NRCPD and ASLI write to the Chief Executive of Public Health Wales

27 October 2021

Dear Dr Cooper,


NRCPD, the national voluntary regulator for British Sign Language (BSL) Interpreters and Translators, and ASLI, the UK's largest professional body for Sign Language Interpreters and Translators have seen your release recently on Twitter, and other channels, of a statement presented as being in BSL explaining NHS Screening in Wales to Deaf audiences.

On the face of it, this approach to providing public information in an accessible format for Deaf people is to be applauded. However, the BSL translation in the video makes no sense to BSL users. In fact, when translated back from the BSL used into English for quality analysis purposes, it is incomprehensible.

As a regulator, NRCPD promotes the quality and professional standards of interpreters and translators for public protection. As a professional association, ASLI promotes standards for interpreters and translators, provides best practice guidance for professionals and offers advice for how public organisations can book the right registered professionals. We work hard across the UK public sector to get public bodies such as Public Health Wales to work only with registered professionals in the same way that only doctors and nurses regulated by the GMC and the NMC can work in the NHS. This ensures the safety of the Deaf patient, provides equal access to public information in line with the public sector equality duty and offers patients a malpractice complaints route if the quality of interpretation or translation is substandard.

You will have spent scarce public money on the video and it has been wasted on what we judge is "sub-Level 1" BSL signing. This has defeated the purpose of the statement as well as being insulting to Deaf people, failing them under the Equalities Act 2010 and denying them potentially life-affecting information.

In a letter to a constituent dated 22 November 2017, then Cabinet Secretary for Health and Social Services, Vaughan Gething MS, assured the BSL community that the requirement for a BSL Interpreter under the All-Wales Standards for Accessible Communication and Information for People with Sensory Loss should mean a registered interpreter, and by extension this includes translators (by which we mean Deaf BSL users qualified and registered to carry out translation work). Registration with the NRCPD verifies that interpreters and translators are qualified to the right standard, committed to a Code of Conduct and accountable for their practice. And together with ASLI we require and expect professionals to continuously develop their professional their knowledge. We believe the person used for the video is not competent at the right level, is not a qualified, registered translator and is not adhering to the best practice guidance available to professionals from ASLI. Furthermore, a routine quality check by a registered translator would have revealed the extent of the failings in the translation before publication.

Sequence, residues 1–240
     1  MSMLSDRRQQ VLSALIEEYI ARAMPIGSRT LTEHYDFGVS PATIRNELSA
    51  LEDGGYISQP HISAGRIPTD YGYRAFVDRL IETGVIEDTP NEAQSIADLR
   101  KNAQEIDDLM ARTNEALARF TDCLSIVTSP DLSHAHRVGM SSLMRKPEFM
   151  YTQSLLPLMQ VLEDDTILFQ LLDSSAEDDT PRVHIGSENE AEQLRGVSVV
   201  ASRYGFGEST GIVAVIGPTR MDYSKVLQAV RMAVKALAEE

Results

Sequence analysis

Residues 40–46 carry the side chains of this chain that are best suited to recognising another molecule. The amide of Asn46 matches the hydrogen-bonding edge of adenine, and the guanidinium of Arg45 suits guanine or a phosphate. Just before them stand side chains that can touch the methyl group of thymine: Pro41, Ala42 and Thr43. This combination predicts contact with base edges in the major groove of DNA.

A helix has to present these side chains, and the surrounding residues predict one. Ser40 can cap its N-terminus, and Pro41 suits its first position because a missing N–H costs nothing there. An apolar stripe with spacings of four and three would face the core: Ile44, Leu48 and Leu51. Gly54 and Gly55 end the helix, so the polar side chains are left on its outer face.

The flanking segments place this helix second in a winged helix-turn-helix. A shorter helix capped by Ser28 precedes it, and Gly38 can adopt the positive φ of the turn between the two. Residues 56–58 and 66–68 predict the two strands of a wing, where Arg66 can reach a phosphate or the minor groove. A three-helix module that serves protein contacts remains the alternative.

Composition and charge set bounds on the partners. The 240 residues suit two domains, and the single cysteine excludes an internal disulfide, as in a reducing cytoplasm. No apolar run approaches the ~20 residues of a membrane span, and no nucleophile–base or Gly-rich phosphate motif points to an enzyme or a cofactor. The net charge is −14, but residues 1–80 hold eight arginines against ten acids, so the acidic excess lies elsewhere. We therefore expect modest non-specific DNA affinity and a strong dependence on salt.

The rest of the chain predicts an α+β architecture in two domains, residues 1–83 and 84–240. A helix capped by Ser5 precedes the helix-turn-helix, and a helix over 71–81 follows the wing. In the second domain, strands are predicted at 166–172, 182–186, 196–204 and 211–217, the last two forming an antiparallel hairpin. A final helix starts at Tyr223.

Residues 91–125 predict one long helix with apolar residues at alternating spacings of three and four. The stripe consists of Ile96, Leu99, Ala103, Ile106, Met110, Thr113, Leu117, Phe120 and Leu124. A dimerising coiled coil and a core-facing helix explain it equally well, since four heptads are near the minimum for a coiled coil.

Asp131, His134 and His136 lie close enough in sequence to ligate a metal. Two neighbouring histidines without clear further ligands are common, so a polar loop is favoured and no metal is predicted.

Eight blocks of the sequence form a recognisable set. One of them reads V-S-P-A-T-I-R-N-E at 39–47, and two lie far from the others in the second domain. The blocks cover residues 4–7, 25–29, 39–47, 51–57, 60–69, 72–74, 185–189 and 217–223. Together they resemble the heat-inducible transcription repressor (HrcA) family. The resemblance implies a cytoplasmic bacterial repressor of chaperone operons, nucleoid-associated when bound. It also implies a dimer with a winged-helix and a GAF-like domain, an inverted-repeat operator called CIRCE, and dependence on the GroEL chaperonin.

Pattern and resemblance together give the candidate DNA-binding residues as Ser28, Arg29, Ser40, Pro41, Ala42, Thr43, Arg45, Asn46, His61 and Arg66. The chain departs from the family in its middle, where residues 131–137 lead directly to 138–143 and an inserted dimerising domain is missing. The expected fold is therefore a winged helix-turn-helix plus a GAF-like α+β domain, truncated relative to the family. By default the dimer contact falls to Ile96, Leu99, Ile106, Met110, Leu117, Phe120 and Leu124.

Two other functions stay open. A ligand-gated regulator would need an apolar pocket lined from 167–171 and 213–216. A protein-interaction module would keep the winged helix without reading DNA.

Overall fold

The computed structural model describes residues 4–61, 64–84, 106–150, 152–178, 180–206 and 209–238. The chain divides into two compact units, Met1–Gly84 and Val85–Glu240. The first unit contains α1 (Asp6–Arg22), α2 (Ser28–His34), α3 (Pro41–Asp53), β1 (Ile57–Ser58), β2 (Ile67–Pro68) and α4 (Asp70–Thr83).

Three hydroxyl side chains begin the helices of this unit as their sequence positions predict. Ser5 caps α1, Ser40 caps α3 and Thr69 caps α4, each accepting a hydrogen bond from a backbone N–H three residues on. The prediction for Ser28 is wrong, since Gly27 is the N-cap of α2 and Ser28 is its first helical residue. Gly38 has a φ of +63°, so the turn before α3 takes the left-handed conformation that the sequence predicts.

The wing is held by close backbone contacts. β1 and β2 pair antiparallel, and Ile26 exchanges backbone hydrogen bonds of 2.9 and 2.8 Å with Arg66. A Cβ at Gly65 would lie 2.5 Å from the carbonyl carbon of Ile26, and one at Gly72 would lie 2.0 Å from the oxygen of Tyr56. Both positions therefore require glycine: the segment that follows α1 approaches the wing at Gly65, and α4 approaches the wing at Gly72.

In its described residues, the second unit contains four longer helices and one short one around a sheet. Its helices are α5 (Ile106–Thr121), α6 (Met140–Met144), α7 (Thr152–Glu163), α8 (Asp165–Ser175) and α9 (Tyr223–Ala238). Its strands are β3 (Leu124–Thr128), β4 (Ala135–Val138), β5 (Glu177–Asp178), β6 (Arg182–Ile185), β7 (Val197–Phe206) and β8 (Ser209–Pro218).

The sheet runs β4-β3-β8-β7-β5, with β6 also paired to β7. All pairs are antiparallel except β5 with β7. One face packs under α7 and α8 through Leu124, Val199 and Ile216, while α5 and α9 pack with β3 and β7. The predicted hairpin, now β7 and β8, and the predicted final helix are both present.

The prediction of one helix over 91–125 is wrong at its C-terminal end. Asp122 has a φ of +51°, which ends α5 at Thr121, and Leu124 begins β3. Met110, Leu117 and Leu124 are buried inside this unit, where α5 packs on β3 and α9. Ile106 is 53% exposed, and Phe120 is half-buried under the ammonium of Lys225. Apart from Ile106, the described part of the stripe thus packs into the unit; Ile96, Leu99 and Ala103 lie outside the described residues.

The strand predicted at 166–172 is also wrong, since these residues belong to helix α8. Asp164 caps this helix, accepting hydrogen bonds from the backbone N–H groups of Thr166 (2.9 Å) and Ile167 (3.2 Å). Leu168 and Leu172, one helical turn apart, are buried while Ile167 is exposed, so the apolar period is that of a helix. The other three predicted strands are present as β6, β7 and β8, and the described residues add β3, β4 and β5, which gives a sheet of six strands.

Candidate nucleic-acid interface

The NRCPD maintains a public database of registered translators that you can use to find properly qualified professionals who will provide you with faithfully translated BSL versions of the original English or Welsh text. We currently have an historically high 25 registered translators of whom 5 are in Wales so there is no reason why an appropriately skilled professional could not have been sourced. The public register can be searched here:

You may also wish to review the useful ASLI publication, "Best practice guidelines for booking interpreters in healthcare settings". This was released in June 2020, and produced in collaboration with several Deaf organisations as well as with contributions from NRCPD and World Association of Sign Language Interpreters (WASLI). It can be found here:

BSL is a language in its own right, with its cultural and linguistic roots in the UK's Deaf population. Deaf people are entitled to expect the NHS to provide health-critical public information in an accessible form and it is an entirely reasonable step under the public sector equality duty, for you to use these public resources to engage the right professional. Any reputable agency providing such a service will know this too.

We know that Public Health Wales will receive complaints about this through the normal channels for members of the public, but together, as the national regulator and the largest professional association, we feel it is our responsibility to bring this to your attention directly and ask that you review the way Public Health Wales provides health information in BSL so the service is fit for purpose.

You tweeted last Friday that you will get in touch with us for support - NRCPD and ASLI are happy to help you in any review (much as we have with the recent NHS England Rapid Review of BSL) and we look forward to hearing from you.

The Minister is copied-in to this letter because she should be made aware of the casual way in which access to information for Deaf people has been dealt with here, but also because her predecessor is quoted above.

We look forward to working with you.

Yours faithfully

Marcus HawthornJenny Koehring
Executive Director and RegistrarChair of the Board

Copy to (by email):

Eluned Morgan MS, Baroness Morgan of Ely, Minister for Health and Social Services

Dr Andrew Goodall CBE, Chief Executive NHS Wales

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